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JPMorgan Chase London Whale D: Risk Management Practices


  • Arwin G. Zeissler
  • Andrew Metrick


JPMorgan Chase (JPM) prided itself on having the best risk management practices in the financial industry, having survived the 2007-2009 financial crisis in better shape than many competitors. Chief Executive Officer Jamie Dimon often spoke of the bank’s “fortress balance sheet”. A keen focus on risk management is vital to JPM’s longevity, as is the case with all highly leveraged financial institutions. However, the JPM Task Force that investigated the $6 billion 2012 London Whale trading loss concluded that risk management practices at the bank’s Chief Investment Office (CIO), the unit in which the loss occurred, were given less scrutiny by senior management than those of the bank’s client-facing businesses, despite the fact that the CIO managed $350 billion in assets, an amount almost double JPM’s total stockholders’ equity at December 31, 2011.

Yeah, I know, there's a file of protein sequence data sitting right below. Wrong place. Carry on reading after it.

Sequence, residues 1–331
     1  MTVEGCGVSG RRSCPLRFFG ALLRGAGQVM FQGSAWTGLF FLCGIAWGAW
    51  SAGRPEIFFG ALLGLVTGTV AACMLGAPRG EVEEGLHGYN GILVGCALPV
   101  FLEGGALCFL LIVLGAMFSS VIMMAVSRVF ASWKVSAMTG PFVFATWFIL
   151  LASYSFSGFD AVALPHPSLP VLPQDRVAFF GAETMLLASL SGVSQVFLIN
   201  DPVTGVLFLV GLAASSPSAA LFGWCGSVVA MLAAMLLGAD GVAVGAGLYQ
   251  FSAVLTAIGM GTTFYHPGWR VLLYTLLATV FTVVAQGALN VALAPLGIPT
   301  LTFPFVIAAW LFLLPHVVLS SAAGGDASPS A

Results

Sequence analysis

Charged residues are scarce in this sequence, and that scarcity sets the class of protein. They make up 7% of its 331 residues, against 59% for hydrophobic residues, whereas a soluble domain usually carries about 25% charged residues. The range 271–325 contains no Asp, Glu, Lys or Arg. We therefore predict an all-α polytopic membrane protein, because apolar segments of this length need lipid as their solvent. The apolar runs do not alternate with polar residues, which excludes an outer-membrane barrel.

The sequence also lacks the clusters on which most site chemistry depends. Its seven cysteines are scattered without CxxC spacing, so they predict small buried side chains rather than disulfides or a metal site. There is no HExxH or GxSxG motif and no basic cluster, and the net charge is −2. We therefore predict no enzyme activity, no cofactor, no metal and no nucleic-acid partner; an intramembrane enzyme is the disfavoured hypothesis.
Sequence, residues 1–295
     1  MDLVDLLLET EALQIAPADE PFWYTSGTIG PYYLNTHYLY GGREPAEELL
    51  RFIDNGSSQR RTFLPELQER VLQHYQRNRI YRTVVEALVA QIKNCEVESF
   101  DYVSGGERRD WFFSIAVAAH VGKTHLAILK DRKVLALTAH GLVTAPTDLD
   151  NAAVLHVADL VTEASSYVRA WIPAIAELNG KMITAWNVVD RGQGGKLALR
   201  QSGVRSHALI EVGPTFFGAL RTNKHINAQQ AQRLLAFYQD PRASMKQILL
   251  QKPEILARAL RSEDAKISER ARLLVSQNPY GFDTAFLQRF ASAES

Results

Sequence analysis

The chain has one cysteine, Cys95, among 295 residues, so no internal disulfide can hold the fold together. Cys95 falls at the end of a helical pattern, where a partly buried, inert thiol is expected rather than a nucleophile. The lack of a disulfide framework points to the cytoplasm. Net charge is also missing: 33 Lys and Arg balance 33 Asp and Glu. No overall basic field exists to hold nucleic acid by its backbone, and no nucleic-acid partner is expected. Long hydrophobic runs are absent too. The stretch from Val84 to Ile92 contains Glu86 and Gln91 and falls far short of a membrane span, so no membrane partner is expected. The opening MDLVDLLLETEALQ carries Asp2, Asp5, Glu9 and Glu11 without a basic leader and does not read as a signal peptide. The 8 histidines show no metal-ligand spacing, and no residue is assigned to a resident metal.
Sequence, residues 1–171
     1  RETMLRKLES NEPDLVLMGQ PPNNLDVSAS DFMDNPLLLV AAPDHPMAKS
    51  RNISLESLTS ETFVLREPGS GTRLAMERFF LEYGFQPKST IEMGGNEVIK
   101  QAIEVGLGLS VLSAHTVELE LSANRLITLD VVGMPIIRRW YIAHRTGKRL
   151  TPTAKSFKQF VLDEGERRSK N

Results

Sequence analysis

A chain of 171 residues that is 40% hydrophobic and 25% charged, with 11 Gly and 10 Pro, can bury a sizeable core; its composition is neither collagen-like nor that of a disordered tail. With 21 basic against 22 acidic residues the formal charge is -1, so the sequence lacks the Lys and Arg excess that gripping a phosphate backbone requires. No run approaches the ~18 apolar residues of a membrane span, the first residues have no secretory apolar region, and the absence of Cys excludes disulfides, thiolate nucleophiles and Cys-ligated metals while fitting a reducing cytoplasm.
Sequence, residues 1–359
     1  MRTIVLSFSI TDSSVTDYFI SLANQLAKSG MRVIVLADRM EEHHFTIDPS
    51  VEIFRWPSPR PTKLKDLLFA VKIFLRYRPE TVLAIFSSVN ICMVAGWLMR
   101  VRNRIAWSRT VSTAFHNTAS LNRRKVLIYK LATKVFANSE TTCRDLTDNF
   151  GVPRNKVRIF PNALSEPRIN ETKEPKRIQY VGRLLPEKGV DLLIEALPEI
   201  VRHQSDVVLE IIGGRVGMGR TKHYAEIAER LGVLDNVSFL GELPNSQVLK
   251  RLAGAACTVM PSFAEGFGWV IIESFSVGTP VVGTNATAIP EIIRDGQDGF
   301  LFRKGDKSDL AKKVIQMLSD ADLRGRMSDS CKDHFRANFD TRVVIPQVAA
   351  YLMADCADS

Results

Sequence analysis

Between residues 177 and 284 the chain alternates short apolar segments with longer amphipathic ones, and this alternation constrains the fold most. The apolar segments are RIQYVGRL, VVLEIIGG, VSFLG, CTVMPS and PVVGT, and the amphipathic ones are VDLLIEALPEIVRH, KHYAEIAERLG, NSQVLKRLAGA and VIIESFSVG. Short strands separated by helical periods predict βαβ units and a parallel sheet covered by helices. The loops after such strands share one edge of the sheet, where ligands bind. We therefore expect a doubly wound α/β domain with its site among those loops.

Suggested Citation

  • Arwin G. Zeissler & Andrew Metrick, 2014. "JPMorgan Chase London Whale D: Risk Management Practices," Yale School of Management YPFS Cases 46788, Yale School of Management, revised Feb 2015.
  • Handle: RePEc:ysm:ypfswp:46788

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    Cited by:

    1. Anna Chernobai & Ali K. Ozdagli & Jianlin Wang, 2016. "Business complexity and risk management: evidence from operational risk events in U. S. bank holding companies," Working Papers 16-16, Federal Reserve Bank of Boston.

    More about this item


    Systemic Risk; Financial Crises; Financial Regulation;
    All these keywords.

    JEL classification:

    • G01 - Financial Economics - - General - - - Financial Crises
    • G28 - Financial Economics - - Financial Institutions and Services - - - Government Policy and Regulation


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